Marijuana and prescription drugs not responsible for Whitney Houston's death

Anissa Ford's picture

Whitney Houston did not die of a drug overdose, she accidentally drowned and her drowning is a direct result of cocaine use and atherosclerosis or heart disease, the Los Angeles coroner ruled today.

The levels of substances found in Whitney Houston's body at the time of her death are not available yet. Although the coroner's office promised to deliver the results of the amount of cocaine in Houston's bloodstream next week.

But so far, Whitney Houston's death is ruled as a drowning. It has been ruled that Whitney Houston's had a heart disease but her official cause of death is drowning.

When Houston's death was announced to the public, it was reported that Houston had been in the bathroom for an hour before her staff and security team checked in on her and discovered her lifeless body. Coroner's reports suggest that there is every possibility that Houston did not die immediately. Medical expert Dr. Sanjay Gupta said it's likely the singer had a heart attack (the result of heart disease), lapsed into unconsciousness, and then drowned because she slipped underwater.

The coroner reported a number of metabolites in Houston’s bloodstream: marijuana, Xanax (anti anxiety), Flexeril (muscle relaxer), and Benadryl. However, none of those metabolites are officially responsible for Houston’s death in a Beverly Hills hotel bathtub on Feb 12.

The coroner’s office determined that the presence of these drugs were not significant enough to cause Houston’s heart to stop. This, however, does not mean the presence of those metabolites had ill or adverse effects on Houston’s body.

Houston's family released a brief statement after the toxicology report was released:

"We are saddened to learn of the toxicology reports although we are glad to have closure."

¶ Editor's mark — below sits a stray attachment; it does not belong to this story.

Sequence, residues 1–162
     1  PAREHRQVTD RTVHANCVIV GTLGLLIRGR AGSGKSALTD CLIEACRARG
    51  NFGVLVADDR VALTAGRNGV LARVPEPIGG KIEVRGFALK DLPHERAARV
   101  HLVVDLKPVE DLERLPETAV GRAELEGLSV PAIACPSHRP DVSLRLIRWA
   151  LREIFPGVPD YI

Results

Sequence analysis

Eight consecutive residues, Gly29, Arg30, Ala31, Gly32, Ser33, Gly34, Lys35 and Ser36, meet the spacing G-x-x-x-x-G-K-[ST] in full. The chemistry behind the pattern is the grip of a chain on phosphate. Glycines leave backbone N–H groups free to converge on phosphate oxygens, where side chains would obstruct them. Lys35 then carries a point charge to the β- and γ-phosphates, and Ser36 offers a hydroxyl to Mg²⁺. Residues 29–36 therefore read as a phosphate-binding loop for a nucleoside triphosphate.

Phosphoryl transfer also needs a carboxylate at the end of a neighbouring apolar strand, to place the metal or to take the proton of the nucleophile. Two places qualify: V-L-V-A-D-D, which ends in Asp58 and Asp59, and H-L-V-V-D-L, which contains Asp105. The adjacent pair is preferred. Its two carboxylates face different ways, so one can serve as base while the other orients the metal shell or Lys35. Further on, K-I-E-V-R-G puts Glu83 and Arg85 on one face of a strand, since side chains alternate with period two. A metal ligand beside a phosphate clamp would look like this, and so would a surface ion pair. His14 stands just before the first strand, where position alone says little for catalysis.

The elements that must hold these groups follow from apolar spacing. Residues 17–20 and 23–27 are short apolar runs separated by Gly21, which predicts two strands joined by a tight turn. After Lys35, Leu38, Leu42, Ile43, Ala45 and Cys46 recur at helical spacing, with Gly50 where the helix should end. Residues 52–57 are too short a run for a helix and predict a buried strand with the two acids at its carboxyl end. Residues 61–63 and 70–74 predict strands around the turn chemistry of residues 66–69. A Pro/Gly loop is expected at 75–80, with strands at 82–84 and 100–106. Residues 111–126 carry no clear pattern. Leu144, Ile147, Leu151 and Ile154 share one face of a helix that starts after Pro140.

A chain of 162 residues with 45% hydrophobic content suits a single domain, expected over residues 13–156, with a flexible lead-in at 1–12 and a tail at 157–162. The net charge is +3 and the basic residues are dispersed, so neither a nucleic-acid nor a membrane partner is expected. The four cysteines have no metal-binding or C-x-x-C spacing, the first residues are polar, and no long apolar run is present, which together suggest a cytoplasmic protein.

Whitney Houston suffered from atherosclerosis, a heart disease characterized by hardening of the arteries. Whitney Houston also used cocaine which also constricts the blood vessels and can cut off blood circulation which doubles the risk of a heart attack.

Medical experts repeatedly state that Houston had a heart attack that was prompted by cocaine use and an already present heart condition.

But having a heart attack, in Houston's case is not the equivalent of a fatal drug overdose. Atherosclerosis may be genetic or it may have been the result of a sedative lifestyle that needs exercise and a rigorous diet to combat.

Experts believe Whitney’s heart didn’t get enough blood flow due to the heart disease and cocaine. She likely lapsed into a period of unconsciousness and drowned. The heart muscle doesn’t die immediately in such cases, but Houston ‘s staff didn’t check on the singer in the bathroom until she’d been in there for an hour.

Coroner's likely began with the immediately clear evidence, that Houston drowned, and then worked their way backwards with toxicology reports and substances found in the singer's body.

Even though fans and family may be disappointed with the number of toxic substances and prescription meds revealed after toxicology, it's important to note that the coroner's office has not linked any of them to Houston's death.

Analysts are also using Whitney Houston's death as a reminder to communities and families not to ignore addiction, but talk about it rather than pretend it does not exist, regardless of class, race, ethnicity, education, etc.

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